Incitement to Riot in the Age of Flash Mobs
Margot E. Kaminski
Ohio State University (OSU) - Michael E. Moritz College of Law; Yale University - Yale Information Society Project; Yale University - Law School
February 21, 2013
University of Cincinnati Law Review, Vol. 81, 1 2013
As people increasingly use social media to organize both protests and robberies, government will try to regulate these calls to action. With an eye to this intensifying dynamic, this Article reviews First Amendment jurisprudence on incitement and applies it to existing statutes on incitement to riot at a common law, state, and federal level. The article suggests that First Amendment jurisprudence has a particularly tortuous relationship with regulating speech directed to crowds. It examines current crowd psychology to suggest which crowd behavior, if any, should as a matter of policy be subject to regulation. It concludes that many existing incitement-to-riot statutes are both bad policy and unconstitutional under Brandenburg v. Ohio. The article consequently suggests that courts should be careful in the application of these statutes, and states should be hesitant to build upon existing incitement-to-riot statutes to regulate new media. The article also reveals a question about freedom of assembly: when is assembly peaceable and protected, and when can assembly be constitutionally prohibited?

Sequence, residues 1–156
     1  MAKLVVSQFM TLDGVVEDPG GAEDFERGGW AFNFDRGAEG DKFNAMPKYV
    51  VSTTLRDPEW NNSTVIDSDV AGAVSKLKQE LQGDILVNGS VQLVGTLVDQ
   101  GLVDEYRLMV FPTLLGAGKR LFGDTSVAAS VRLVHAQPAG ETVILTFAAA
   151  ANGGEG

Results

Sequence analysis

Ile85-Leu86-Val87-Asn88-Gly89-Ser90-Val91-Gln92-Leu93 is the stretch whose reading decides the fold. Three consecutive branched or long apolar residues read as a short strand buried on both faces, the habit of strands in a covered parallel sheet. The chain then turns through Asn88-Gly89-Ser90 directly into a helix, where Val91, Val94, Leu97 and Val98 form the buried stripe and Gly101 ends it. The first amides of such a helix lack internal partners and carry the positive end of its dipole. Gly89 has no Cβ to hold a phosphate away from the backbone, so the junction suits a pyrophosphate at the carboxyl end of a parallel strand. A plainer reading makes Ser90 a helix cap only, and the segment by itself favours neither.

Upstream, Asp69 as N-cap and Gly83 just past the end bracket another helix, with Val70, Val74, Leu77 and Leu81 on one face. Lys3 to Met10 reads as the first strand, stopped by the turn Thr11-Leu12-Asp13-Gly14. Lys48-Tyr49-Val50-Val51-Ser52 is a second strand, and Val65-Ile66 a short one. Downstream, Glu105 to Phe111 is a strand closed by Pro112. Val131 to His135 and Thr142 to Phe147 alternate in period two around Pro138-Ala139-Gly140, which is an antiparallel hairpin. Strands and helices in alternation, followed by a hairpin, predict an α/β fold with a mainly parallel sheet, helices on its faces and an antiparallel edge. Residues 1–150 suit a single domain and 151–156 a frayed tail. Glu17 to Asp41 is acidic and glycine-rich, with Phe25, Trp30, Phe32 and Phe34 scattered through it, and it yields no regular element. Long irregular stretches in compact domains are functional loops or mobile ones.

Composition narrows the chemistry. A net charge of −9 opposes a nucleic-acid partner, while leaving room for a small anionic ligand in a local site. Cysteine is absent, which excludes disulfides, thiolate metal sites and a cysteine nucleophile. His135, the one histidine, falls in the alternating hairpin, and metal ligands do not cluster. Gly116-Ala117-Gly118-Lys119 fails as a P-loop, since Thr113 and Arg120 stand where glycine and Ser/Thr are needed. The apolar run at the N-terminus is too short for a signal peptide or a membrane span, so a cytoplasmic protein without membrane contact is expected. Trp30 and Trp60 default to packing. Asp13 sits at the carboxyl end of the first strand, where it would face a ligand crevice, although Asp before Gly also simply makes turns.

Number of Pages in PDF File: 84
Keywords: Social Media, Internet, free speech, First Amendment, freedom of expression, freedom of assembly
Date posted: February 22, 2013 ; Last revised: February 26, 2013
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